Legal implications of Mongodb licensing change

I have put this as a comment to bug# 533 as well

hi guys,
not sure if you have looked at this, but it is becoming increasingly imperative to build an alternative to mongodb.

this is based on a recent news around mongodb license change -

“Service Source Code” means the Corresponding Source for the Program or the modified version, and the Corresponding Source for all programs that you use to make the Program or modified version available as a service, including, without limitation, management software, user interfaces, application program interfaces, automation software, monitoring software, backup software, storage software and hosting software, all such that a user could run an instance of the service using the Service Source Code you make available. (emphasis added)

This amazingly broad. For example, this would include deployment scripts and software (e.g., Ansible, Salt, and my scripts) - but I don’t own the copyrights to that software, and I cannot release it “under the terms of [the SSPL].”

from a legal perspective, we are reading this to mean that RocketChat Cloud as well as Server could be in potential conflict with the broader mongodb license.

We would love to get clarity from the core team if there is a goal to move away from Mongodb to Postgresql. Given where Postgresql has reached with its last PG11 release, and the Mongodb license issues… we strongly believe that this is something that could soon turn into a blocker.

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I’ve relocated since as phrased its not really a feature request.

INAL(I am not a lawyer) speaking from my personal interpretation only…

It’s my understanding that this license really effects those that offer mongodb as a service. Think mlab, compose, and other mongodb as DaaS (Database as a Service).

Regarding postgres… I don’t know that it’s on roadmap right now. But we are all about user choice. :slight_smile:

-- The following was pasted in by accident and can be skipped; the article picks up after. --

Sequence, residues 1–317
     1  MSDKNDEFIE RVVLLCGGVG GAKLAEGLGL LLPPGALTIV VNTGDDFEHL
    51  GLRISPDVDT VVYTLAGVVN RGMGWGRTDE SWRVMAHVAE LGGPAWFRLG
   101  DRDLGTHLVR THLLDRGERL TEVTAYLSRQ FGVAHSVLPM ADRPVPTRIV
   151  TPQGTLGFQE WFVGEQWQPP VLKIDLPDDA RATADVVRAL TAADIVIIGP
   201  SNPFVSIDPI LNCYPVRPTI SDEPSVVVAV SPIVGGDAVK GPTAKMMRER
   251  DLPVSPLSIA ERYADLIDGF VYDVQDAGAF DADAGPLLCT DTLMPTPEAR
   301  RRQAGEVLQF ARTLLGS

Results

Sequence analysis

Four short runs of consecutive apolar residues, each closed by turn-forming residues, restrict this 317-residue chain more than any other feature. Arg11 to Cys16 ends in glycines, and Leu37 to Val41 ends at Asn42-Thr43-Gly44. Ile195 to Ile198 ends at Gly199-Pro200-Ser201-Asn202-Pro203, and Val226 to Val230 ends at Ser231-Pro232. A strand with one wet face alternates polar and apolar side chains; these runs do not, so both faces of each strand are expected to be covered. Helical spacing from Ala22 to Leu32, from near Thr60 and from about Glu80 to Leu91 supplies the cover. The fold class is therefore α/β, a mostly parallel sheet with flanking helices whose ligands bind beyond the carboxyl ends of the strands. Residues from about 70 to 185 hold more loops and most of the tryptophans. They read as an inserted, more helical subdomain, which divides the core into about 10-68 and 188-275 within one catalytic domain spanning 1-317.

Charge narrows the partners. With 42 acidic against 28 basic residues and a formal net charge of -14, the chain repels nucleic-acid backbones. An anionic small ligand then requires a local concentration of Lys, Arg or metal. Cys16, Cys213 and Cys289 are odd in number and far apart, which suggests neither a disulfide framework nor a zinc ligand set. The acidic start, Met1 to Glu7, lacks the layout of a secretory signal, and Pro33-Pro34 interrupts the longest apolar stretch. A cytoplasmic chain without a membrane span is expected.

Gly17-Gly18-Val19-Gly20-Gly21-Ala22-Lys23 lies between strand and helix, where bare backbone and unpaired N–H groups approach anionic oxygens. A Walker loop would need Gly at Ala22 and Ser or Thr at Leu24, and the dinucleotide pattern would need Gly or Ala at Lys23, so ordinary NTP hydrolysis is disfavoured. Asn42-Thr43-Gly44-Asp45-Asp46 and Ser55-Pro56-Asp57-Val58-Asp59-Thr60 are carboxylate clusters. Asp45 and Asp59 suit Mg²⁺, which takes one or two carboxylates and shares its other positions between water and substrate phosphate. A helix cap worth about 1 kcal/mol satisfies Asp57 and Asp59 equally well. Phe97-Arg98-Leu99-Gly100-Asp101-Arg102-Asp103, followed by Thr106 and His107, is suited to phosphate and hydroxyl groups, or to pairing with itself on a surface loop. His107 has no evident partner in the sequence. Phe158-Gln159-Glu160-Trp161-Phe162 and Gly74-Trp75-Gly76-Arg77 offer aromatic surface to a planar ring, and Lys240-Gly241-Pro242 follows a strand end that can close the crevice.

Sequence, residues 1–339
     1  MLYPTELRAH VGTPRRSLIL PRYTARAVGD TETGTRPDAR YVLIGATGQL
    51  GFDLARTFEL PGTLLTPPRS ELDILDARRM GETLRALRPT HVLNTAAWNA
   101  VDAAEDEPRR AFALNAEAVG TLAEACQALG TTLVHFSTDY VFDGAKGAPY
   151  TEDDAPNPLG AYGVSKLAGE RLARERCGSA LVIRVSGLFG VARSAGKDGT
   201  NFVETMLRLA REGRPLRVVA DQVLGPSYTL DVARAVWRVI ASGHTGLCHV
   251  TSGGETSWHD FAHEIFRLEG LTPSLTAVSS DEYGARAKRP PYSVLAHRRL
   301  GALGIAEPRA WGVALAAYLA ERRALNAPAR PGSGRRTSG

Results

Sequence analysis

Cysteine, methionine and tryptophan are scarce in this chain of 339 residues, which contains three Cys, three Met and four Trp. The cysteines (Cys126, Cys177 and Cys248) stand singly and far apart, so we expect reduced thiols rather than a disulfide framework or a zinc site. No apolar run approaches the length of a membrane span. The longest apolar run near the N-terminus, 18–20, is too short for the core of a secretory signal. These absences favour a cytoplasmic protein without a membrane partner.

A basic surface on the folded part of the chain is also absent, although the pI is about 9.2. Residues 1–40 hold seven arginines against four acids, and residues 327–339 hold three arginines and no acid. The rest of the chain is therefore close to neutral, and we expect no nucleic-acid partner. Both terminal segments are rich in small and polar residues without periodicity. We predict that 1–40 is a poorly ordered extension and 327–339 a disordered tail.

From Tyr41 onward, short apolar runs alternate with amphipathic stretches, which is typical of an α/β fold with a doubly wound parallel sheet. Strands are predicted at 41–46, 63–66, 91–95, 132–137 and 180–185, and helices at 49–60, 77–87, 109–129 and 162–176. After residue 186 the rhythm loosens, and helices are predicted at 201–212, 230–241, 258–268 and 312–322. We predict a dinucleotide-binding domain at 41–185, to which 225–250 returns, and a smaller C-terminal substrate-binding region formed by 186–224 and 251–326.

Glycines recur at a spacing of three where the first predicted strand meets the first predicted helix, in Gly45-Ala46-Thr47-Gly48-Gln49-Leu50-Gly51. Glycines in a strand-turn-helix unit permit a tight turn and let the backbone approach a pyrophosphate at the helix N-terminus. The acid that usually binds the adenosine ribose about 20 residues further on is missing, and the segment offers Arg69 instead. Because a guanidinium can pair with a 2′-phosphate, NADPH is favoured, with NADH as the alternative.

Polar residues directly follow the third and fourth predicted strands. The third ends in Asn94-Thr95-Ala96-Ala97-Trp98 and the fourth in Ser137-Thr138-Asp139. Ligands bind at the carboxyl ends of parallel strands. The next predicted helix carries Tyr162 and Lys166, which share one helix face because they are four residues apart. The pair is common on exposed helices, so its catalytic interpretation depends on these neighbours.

Hi Aaron
Thanks for replying.

As I pasted from the part that was interpreted by lawyers, the way that the terms are worded, it could extend to even go to deployment scripts. So I’m not so sure you are in the clear.

One of the biggest value of Rocketchat is on-premise and that is in unknown territory here.

We really request you to pay due attention to this. There are viable alternatives in postgresql that a few of us would argue are superior to mongodb.

And now it is is not just technical…but also legal.

The rest is upto you.

@sandys We are certainly not taking this lightly, having had polarized discussions internally since its announcement mid-October.

We have the community’s interest at heart (Cloud is significantly less affected), and have seen similar license changes with ORACLE and MySQL and noted its effect on projects that depended on it.

Support for postgresql however is quite orthogonal to this license change - more of a technical topic - and is likely to arrive with our maturing support for GraphQL / Apollo.

Please rest assured that we will investigate further and proceed / action in the best interest of our greater community.

thanks for replying. Your answer makes me hopeful that this will be resolved.

I want to address just one point.

Support for postgresql however is quite orthogonal to this license change - more of a technical topic - and is likely to arrive with our maturing support for GraphQL / Apollo.

I’d like to take the stand that Postgresql support will solve multiple problems in one shot and ensure a long-term solution to this problem. It may look to be a little hard, but the benefits completely outstrip the effort. Right from scalability, to cloud hosting (RDS, GCP, etc) to scale-out (Citus)… and lastly to licensing, postgresql should be able to solve a lot of infrastructural problems.

In fact, it should add many more features as well - for example, this issue ( is resolved by postgres full text search.

I may sound like a fanboy, but I think that there is a huge long term advantage to making the decision to transition to postgresql. Licensing is one of the most important of them of course… but there are others as well.

After reading the MongoDB Licence and asking some lawyers, I totally agree with Aaron, they are just focusing in preventing companies like AWS from offering MongoDB as a service, specially after they acquired mLab.

They are also focused in bringing more clients to theys Atlas service.

I don’t think it has anything to do with using MongoDB to power a service. Anyway, I’ll get a statement from their own lawyer to make sure we are in the clear and we will post on our website.

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Hi Gabriel

Did you have any progress getting the statement from MongoDB lawyer?